#6. What Ms. Decker said: These married priests (at Jesus Our Shepherd) have chosen to separate themselves from the church and are now trying to justify this. What Ms. Decker didn't say: The priests at JOS simply responded (in accord with Canon #843) to this community's desire for Mass and the sacraments in their own church to replace the pastor and parish taken from them by the archbishop. In so responding, these married priests are acting with canonical authority and pastoral sensitivity.

#7. What Ms. Decker said: "If you have well-meaning people who want to get married in the church and they don't know the difference [between "valid" and "invalid" ceremonies], that's the real dark side to this." What Ms. Decker didn't say (because she didn't ask us!): Every Catholic individual or couple coming to us for marriage is told in pre-marital counseling sessions that their marriage, though valid by state standards, is not considered valid by the Catholic Church. What Ms. Decker may not realize is that these couples aren't concerned about canonical validity, though they are deeply concerned about the spirituality of their ceremony. Might this itself be an indictment of the Roman Catholic Church and the losses experienced among the younger generation?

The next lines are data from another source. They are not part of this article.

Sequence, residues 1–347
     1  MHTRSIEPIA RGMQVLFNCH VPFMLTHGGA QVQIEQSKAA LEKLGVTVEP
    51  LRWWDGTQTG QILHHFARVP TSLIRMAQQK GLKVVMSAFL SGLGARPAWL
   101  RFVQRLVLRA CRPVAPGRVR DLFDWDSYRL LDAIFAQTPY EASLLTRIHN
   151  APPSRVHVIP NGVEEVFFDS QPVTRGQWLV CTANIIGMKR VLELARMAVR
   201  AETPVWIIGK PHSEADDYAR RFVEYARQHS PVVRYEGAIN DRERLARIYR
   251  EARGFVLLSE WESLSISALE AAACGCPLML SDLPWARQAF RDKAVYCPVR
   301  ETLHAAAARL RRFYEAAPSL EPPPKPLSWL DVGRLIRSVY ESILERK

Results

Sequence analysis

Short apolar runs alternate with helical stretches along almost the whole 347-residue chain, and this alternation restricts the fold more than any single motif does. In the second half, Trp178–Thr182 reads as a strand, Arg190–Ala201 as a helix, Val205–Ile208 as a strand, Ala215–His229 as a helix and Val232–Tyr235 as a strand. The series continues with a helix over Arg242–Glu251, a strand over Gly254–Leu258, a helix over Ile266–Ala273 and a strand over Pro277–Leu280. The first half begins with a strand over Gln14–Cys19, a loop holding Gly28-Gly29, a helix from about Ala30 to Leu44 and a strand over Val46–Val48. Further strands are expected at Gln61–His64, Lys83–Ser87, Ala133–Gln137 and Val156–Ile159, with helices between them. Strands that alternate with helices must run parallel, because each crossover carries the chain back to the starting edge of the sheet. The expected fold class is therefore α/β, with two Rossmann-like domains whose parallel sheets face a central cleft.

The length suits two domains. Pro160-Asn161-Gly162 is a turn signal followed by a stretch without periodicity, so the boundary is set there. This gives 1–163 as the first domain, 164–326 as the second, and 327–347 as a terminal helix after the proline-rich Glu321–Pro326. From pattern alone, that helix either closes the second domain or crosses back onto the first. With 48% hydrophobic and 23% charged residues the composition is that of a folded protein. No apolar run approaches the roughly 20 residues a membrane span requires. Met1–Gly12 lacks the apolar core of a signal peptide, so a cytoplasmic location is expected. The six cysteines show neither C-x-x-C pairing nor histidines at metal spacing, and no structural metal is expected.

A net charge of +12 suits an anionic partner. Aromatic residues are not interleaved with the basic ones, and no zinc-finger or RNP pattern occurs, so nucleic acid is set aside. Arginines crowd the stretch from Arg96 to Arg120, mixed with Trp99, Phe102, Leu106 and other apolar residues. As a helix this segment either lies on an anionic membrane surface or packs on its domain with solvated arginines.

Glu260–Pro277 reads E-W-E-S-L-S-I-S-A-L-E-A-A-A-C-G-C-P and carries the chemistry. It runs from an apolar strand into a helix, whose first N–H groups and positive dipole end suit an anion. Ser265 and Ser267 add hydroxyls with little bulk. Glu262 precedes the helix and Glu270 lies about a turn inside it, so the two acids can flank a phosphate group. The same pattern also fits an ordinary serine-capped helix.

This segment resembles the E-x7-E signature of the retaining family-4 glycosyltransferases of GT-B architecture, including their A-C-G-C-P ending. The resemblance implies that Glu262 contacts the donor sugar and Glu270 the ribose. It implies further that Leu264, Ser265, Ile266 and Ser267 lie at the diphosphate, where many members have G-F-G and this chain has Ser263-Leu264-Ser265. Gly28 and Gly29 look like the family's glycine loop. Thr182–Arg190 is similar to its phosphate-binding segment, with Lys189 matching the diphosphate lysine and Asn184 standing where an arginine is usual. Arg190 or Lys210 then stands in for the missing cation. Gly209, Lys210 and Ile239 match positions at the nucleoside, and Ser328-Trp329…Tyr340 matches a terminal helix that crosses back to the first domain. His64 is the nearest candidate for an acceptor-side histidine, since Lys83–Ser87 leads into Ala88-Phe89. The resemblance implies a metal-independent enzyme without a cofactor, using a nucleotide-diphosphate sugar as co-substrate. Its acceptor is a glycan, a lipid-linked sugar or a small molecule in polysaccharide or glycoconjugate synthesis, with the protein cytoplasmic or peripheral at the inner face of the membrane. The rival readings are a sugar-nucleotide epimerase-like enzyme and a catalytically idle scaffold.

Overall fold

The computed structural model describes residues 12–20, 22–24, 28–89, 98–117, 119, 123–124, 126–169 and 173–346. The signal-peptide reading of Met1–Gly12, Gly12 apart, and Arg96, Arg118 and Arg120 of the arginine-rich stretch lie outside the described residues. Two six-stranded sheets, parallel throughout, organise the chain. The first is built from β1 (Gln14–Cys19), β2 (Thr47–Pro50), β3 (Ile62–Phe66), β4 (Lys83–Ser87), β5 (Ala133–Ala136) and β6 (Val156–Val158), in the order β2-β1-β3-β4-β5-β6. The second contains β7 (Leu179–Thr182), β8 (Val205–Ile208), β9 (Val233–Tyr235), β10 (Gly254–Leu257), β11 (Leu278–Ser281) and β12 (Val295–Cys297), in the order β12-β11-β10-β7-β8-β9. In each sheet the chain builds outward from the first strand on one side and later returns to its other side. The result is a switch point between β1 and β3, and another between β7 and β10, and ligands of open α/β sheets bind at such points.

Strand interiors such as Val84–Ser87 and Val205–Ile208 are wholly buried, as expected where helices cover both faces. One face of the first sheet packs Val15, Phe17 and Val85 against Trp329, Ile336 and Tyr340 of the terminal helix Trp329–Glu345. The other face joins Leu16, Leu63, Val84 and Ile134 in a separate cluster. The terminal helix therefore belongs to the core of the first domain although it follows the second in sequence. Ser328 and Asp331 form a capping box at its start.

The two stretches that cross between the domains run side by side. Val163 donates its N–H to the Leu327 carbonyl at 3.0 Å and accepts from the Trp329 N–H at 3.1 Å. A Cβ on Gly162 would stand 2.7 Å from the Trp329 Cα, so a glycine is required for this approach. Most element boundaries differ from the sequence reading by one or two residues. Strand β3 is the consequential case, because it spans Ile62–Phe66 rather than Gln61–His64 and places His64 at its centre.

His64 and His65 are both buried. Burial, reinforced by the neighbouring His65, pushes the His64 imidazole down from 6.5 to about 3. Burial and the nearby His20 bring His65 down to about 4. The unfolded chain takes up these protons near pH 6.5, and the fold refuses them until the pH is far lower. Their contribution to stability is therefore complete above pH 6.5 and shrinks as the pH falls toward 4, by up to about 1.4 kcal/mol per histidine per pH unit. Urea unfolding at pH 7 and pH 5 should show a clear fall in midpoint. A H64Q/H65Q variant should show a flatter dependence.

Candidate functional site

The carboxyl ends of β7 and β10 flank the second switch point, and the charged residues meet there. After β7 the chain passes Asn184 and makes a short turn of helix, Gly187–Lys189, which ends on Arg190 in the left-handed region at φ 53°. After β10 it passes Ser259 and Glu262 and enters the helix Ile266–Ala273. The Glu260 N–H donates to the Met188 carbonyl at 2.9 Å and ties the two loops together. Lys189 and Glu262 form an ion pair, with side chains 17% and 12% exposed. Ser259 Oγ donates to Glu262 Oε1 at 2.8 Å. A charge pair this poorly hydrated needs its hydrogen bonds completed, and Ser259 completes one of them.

#8. What Ms. Decker said: "If these groups wish to reunite themselves with the Roman Church, it is their choice." She also said that the archdiocese harbors no negative feelings towards JOS and similar groups not in full Communion with the archdiocese. What Ms. Decker didn't say: "To be fair, we in the Milwaukee Archdiocese might have to make some accommodations in policies, canonical interpretations and discipline to be more open to the promptings of the Spirit." As for harboring "no negative feelings" towards communities such as Jesus Our Shepherd, Ms. Decker completely missed the mark. In memos emailed by the former archbishop to the priests and people, we were called "a fly-by-night organization," an "anything-goes" parish, likened to "the Baptists" : our apologies to any Baptists reading this! Then in neighboring pulpits and parish bulletins we married priests and our community were frequently ridiculed.


Fr. Francis F. Baiocchi

Co-Pastor, Jesus Our Shepherd

Nenno, Wisconsin

We people & married priests at Jesus Our Shepherd know it is difficult for canonists to speak familiarly in pastoral terms. We have a strong preference in our shared ministry for the compassion and generosity of Jesus Christ instead of the pharisaical legalisms that emanate from "above." [See Mark 9:38-40]